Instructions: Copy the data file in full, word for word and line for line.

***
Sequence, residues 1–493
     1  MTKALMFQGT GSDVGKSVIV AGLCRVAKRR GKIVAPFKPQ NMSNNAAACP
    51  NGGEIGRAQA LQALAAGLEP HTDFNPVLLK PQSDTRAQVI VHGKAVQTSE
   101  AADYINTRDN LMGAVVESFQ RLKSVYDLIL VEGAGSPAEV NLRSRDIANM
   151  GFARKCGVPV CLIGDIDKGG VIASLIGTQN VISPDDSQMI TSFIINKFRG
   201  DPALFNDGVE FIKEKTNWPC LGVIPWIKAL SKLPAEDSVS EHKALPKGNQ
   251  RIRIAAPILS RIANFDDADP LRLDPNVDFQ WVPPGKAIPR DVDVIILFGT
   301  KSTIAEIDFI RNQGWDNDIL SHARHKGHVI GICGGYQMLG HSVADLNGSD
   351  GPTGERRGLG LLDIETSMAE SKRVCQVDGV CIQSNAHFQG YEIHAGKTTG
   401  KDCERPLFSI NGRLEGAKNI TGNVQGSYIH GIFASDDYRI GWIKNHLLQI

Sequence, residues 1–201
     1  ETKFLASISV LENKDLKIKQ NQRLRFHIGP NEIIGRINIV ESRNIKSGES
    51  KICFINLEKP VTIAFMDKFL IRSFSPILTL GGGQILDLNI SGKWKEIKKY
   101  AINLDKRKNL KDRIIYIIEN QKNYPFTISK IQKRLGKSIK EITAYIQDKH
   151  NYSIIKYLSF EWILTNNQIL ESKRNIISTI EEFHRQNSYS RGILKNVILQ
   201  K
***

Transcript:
Sequence, residues 1–493
     1  MTKALMFQGT GSDVGKSVIV AGLCRVAKRR GKIVAPFKPQ NMSNNAAACP
    51  NGGEIGRAQA LQALAAGLEP HTDFNPVLLK PQSDTRAQVI VHGKAVQTSE
   101  AADYINTRDN LMGAVVESFQ RLKSVYDLIL VEGAGSPAEV NLRSRDIANM
   151  GFARKCGVPV CLIGDIDKGG VIASLIGTQN VISPDDSQMI TSFIINKFRG
   201  DPALFNDGVE FIKEKTNWPC LGVIPWIKAL SKLPAEDSVS EHKALPKGNQ
   251  RIRIAAPILS RIANFDDADP LRLDPNVDFQ WVPPGKAIPR DVDVIILFGT
   301  KSTIAEIDFI RNQGWDNDIL SHARHKGHVI GICGGYQMLG HSVADLNGSD
   351  GPTGERRGLG LLDIETSMAE SKRVCQVDGV CIQSNAHFQG YEIHAGKTTG
   401  KDCERPLFSI NGRLEGAKNI TGNVQGSYIH GIFASDDYRI GWIKNHLLQI

Sequence, residues 1–201
     1  ETKFLASISV LENKDLKIKQ NQRLRFHIGP NEIIGRINIV ESRNIKSGES
    51  KICFINLEKP VTIAFMDKFL IRSFSPILTL GGGQILDLNI SGKWKEIKKY
   101  AINLDKRKNL KDRIIYIIEN QKNYPFTISK IQKRLGKSIK EITAYIQDKH
   151  NYSIIKYLSF EWILTNNQIL ESKRNIISTI EEFHRQNSYS RGILKNVILQ
   201  K